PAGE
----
Psychologist's Advice: How To Know When People Violate Your Boundaries To Save You From Discomfort
You may have heard it thousands of times: "He/she has violated my boundaries." What do people mean by that?
Our boundaries can be divided into 2 groups: physical and psychological.
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Figuratively speaking, it is a line that separates a person from the rest of the world, the so-called personal space.
It can be violated by:
- random people;
- people in your inner circle;
- husbands, wives, partners.
If someone touches a person without their consent, it violates their boundaries. People try to stay away from strangers at a distance of 3 to 13 feet in public places. It is called a social boundary or a distance of comfort. This distance may vary slightly from person to person one way or the other. If a stranger gets too close to you, leans, tries to touch your body, or hurts, you may experience a range of unpleasant feelings:
- disgust, etc.
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These are feelings that you simply can’t ignore. If your brain sets off code red signaling that the boundary has been broken, it needs to be urgently protected. Don’t expect the intruder to understand that their behavior is unacceptable. Tell them about it in the form you find appropriate. You have every right to protect yourself!
2. Inner circle
These are friends, relatives, possibly neighbors and acquaintances. We often let these people closer, sometimes hug or just shake hands when we meet.
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Just a reminder: you don’t have to do this. If you are unhappy with someone's touch, smell, or if you’re not a hugger, you have every right to refuse this contact. If you value the relationship with this person, and you don’t want to offend them, you will need to sugarcoat your refusal and make it understandable. If this person also values your relationship, they will try to understand and accept it.
3. Husband, wife, loved one
No matter how much we love our partners, we are not always ready for close tactile contact. If the touch of a loved one is untimely, painful or simply unpleasant, you have every right to refuse. No one can use your body as they see it if you don’t want it!
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Personal space also includes:
- personal possessions;
- a bed;
- an office table;
- a computer;
- a phone;
- anything within your territory you considered your own.
You are perfectly capable of informing others about the objects you wouldn’t like to be touched without your permission. Note that these rules may differ depending on how close you are. You often allow close people do things you wouldn’t let your friends or colleagues do. For example, it is OK to let your children play with your mobile phone or drink from your cup, but someone else doing it can make you very uncomfortable.
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If you find a colleague at your computer without permission, it is a clear violation of your boundaries.
These lie in an abstract sphere: your values, ideals, needs, human dignity, your time, etc. If you feel irritation, anger or even rage, when communicating with a person, this is most likely a signal of violation of your boundaries, which can take a form of:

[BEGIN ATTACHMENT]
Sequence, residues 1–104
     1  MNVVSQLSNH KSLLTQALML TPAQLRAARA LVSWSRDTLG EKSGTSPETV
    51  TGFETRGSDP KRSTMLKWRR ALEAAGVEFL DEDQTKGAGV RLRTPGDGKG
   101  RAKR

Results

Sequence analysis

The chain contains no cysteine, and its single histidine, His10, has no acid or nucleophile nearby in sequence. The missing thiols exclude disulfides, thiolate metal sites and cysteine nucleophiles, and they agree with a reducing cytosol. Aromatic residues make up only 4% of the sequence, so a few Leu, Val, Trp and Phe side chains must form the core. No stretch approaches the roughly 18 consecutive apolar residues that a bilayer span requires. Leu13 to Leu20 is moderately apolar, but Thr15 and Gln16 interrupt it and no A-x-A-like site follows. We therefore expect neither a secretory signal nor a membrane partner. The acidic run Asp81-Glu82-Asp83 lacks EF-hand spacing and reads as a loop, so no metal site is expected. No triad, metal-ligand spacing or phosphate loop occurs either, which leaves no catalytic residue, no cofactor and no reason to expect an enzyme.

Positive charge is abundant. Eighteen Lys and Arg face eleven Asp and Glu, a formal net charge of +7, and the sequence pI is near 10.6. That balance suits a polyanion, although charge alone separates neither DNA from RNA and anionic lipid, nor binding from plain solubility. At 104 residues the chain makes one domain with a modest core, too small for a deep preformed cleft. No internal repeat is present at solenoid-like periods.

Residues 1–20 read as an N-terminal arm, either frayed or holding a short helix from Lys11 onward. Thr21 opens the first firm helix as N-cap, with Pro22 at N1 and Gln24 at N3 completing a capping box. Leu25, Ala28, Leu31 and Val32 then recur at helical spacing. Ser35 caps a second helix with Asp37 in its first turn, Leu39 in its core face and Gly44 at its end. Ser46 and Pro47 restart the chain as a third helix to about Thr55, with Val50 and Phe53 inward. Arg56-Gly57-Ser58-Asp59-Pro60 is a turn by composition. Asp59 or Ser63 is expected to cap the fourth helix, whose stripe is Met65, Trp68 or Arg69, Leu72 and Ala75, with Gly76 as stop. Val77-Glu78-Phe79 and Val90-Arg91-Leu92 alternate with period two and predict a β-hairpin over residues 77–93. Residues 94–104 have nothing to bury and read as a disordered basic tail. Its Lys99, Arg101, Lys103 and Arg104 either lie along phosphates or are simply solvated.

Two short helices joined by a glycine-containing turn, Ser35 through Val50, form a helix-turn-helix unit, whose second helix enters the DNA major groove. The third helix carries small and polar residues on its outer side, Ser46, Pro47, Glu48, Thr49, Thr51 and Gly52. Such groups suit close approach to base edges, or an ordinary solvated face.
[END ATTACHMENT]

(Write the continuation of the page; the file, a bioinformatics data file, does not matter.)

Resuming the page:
- wasting your time;
- intrusion in your private life;
- giving advice;
- attempts to impose opinions on you.
1. Your time
Time is an essential resource. There are people who steal it, engaging you in meaningless communication or asking for favors, knowing that you wouldn’t say no.
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2. Personal matters
Tactless questions are often used to violate your boundaries. For example, we always feel uncomfortable when we have to answer questions, like: "When will you get married already?", "How much does your husband earn?", "Why won’t you have another child?" etc. You have the right to refuse answering questions about your life, if you don’t want to do it.
3. Unwanted advice
Even if it is given out of the goodness of the heart, it also violates the boundaries. You can always hint that you did not ask for advice, or go ahead and say it directly.
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Appearance, clothes, weight, hobbies, lifestyle – are your personal matters. Attempts to change you are a huge violation of boundaries.
4. Values and beliefs
You have the right to have values and beliefs that are different from other people’s. If you don’t impose them on others and don’t harm anybody, no one should criticize you or change your mind. You can always come out of this type of a dialogue with the phrase "Thank you, but I will stick with my opinion."
This list can go on forever, you got the gist. Mark your boundaries and protect them. If you don’t do it, you complicate things for yourself, as well as for others. Don’t leave people guessing if something is OK or intolerable for you. And remember: people around you also have their boundaries. Try to be tactful and respect them.
Source: Elina Rosina, an applied psychologist, Gestalt therapist, family counselor
The material in this article is for informational purposes only and does not replace the advice of a certified specialist.